Plus: As of writing, I’ve had hardly any communications at all from constituents about the Coronavirus.
Posts Tagged: Family and relationships
Neil O’Brien: The balance of power between economic and social conservatives may be shifting to the latter
We lost Putney, but gained loads of poorer seats in the north and midlands. That’s highlighted the tensions.
Britain imposes uniquely heavy burdens on low-income workers with dependants, which create a huge drag on social mobility. Profound reform is needed.
Fewer marriages means more cohabitation, an inherently less stable relationship form. The Government risks ignoring the values of its voters.
At the least, we can expect reduced growth worldwide – and a more expansionary Budget next month.
The Chancellor could please every beer & cider drinker; charity donor; motorhome manufacturer, retailer and owner; caravan site owner, and public toilet user in Britain.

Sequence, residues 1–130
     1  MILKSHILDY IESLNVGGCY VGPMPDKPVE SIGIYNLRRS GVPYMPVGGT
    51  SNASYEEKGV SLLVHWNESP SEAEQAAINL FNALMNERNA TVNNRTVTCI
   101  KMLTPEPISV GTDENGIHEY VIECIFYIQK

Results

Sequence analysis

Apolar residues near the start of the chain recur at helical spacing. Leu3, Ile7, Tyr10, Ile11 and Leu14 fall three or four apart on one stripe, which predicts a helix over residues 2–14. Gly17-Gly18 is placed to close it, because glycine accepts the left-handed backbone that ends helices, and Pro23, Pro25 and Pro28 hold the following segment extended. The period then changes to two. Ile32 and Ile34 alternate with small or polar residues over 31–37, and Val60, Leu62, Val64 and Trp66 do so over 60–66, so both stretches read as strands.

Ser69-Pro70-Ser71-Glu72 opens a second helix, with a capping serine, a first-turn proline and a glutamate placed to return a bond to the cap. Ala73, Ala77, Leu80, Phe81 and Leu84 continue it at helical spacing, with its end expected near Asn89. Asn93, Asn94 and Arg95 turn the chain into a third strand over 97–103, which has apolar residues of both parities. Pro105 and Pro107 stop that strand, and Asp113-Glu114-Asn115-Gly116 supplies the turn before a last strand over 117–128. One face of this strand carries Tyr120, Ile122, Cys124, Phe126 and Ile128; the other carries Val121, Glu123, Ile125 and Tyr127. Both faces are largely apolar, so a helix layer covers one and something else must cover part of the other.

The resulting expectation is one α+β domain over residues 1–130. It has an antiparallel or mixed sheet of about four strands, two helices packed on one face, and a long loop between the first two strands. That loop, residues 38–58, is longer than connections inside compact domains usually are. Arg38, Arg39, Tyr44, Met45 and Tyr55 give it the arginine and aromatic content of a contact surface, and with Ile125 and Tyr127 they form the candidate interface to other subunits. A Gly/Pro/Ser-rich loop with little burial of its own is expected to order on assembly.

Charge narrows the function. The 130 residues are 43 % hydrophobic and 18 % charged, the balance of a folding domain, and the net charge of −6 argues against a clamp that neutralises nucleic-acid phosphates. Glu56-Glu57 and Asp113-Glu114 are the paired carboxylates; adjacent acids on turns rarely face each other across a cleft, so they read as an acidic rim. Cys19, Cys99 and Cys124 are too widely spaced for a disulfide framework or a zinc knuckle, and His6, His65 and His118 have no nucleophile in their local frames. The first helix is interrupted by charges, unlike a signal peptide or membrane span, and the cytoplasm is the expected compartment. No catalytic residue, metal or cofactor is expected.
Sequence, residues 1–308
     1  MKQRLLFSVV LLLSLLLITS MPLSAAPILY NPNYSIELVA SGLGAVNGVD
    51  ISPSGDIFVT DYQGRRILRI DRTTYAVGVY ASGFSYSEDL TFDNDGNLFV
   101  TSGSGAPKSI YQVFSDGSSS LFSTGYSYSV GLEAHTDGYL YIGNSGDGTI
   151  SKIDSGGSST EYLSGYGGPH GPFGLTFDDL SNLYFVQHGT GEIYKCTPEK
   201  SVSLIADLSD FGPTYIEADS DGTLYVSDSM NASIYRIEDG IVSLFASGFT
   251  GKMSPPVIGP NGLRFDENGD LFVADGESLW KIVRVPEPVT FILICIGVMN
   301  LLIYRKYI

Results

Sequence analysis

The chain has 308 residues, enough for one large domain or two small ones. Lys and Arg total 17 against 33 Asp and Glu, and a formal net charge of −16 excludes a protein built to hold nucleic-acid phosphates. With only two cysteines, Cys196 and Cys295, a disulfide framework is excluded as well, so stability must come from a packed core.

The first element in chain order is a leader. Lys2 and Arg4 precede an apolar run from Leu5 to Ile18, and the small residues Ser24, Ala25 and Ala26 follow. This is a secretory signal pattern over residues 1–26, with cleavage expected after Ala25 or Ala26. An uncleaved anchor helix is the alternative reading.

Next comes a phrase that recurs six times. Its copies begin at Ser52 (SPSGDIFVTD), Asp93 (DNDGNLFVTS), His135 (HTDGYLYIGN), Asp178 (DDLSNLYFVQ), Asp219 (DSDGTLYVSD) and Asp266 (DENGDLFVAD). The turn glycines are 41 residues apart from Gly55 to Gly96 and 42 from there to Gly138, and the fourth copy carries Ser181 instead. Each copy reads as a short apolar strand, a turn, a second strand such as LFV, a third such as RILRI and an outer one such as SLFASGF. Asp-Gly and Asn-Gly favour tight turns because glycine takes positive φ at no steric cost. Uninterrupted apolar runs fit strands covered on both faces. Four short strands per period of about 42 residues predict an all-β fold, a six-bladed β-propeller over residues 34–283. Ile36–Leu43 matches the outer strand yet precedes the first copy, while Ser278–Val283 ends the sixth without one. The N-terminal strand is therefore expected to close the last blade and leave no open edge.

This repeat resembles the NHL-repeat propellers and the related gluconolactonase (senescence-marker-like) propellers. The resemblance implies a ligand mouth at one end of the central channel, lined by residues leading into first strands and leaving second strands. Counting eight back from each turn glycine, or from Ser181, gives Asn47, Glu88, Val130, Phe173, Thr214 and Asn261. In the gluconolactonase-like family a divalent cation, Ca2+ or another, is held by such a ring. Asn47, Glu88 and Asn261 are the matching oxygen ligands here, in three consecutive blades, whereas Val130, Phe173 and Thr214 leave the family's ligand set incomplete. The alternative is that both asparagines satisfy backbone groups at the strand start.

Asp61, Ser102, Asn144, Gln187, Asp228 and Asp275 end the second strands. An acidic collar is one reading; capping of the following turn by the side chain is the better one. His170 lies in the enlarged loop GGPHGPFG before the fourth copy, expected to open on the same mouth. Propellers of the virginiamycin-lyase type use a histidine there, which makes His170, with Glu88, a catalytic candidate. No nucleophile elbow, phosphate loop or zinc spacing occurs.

Tom Colsey and Jake Scott: Introducing the Orthodox Conservatives – at a time when our ideas are recovering and reviving
Our aim is to show that conservatism is alive and well outside of the walls of Parliament, even if it is on life-support within the Conservative Party.
The costs – personal, social and economic – of family breakdown are vast and under-appreciated. This is a social justice issue.
The parents we have most consistently let down are those we have not empowered to demand more for their children. That must change.
A new era beckons, the strings on the public purse are loosening, and it’s time to show what a compassionate, one-nation Conservative government can achieve.
There are a mass of these voters in the Red Wall seats that collapsed last week, but no party has yet made a convincing policy offer to them.
All these ‘family friendly policies’ are offered to mothers only if they agree to hand over care of their children to external settings and get out of the home.
Childcare policy should support all parents with children – not just those who work in the labour market
By putting money into the hands of parents, in effect, such help would help to drive the demand for childcare of all kinds, formal and informal.
The fifth piece in our series this week about what the Tory Manifesto should look like.
Plus: The disaster zone is in the way that children with special educational needs are educated.